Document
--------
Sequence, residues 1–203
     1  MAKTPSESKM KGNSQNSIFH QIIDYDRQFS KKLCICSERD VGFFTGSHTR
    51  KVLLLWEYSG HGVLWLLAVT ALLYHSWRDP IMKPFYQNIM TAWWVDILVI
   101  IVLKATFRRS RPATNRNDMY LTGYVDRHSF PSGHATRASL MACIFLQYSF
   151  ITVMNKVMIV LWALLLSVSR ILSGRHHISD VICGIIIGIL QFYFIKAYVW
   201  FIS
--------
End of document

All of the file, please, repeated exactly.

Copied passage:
Sequence, residues 1–203
     1  MAKTPSESKM KGNSQNSIFH QIIDYDRQFS KKLCICSERD VGFFTGSHTR
    51  KVLLLWEYSG HGVLWLLAVT ALLYHSWRDP IMKPFYQNIM TAWWVDILVI
   101  IVLKATFRRS RPATNRNDMY LTGYVDRHSF PSGHATRASL MACIFLQYSF
   151  ITVMNKVMIV LWALLLSVSR ILSGRHHISD VICGIIIGIL QFYFIKAYVW
   201  FIS